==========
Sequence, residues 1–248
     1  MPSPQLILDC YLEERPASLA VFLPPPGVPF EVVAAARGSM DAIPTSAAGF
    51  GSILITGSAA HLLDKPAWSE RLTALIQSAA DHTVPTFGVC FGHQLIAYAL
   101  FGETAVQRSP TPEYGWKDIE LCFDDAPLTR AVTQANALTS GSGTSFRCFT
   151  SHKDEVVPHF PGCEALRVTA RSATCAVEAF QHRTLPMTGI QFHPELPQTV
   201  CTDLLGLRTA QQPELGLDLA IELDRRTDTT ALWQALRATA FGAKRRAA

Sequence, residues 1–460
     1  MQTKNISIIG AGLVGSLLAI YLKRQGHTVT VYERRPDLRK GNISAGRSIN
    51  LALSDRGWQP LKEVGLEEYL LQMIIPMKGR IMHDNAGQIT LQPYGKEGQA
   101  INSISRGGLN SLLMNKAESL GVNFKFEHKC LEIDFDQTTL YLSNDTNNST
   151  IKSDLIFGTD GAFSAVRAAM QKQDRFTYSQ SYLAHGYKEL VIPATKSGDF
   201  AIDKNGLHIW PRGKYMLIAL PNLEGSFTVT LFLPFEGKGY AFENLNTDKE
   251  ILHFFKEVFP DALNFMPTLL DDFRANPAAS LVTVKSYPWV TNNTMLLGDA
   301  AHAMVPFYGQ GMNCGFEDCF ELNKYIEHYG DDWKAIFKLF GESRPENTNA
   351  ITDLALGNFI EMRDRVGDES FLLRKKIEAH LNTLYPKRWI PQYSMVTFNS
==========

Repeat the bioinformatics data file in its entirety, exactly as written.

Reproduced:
Sequence, residues 1–248
     1  MPSPQLILDC YLEERPASLA VFLPPPGVPF EVVAAARGSM DAIPTSAAGF
    51  GSILITGSAA HLLDKPAWSE RLTALIQSAA DHTVPTFGVC FGHQLIAYAL
   101  FGETAVQRSP TPEYGWKDIE LCFDDAPLTR AVTQANALTS GSGTSFRCFT
   151  SHKDEVVPHF PGCEALRVTA RSATCAVEAF QHRTLPMTGI QFHPELPQTV
   201  CTDLLGLRTA QQPELGLDLA IELDRRTDTT ALWQALRATA FGAKRRAA

Sequence, residues 1–460
     1  MQTKNISIIG AGLVGSLLAI YLKRQGHTVT VYERRPDLRK GNISAGRSIN
    51  LALSDRGWQP LKEVGLEEYL LQMIIPMKGR IMHDNAGQIT LQPYGKEGQA
   101  INSISRGGLN SLLMNKAESL GVNFKFEHKC LEIDFDQTTL YLSNDTNNST
   151  IKSDLIFGTD GAFSAVRAAM QKQDRFTYSQ SYLAHGYKEL VIPATKSGDF
   201  AIDKNGLHIW PRGKYMLIAL PNLEGSFTVT LFLPFEGKGY AFENLNTDKE
   251  ILHFFKEVFP DALNFMPTLL DDFRANPAAS LVTVKSYPWV TNNTMLLGDA
   301  AHAMVPFYGQ GMNCGFEDCF ELNKYIEHYG DDWKAIFKLF GESRPENTNA
   351  ITDLALGNFI EMRDRVGDES FLLRKKIEAH LNTLYPKRWI PQYSMVTFNS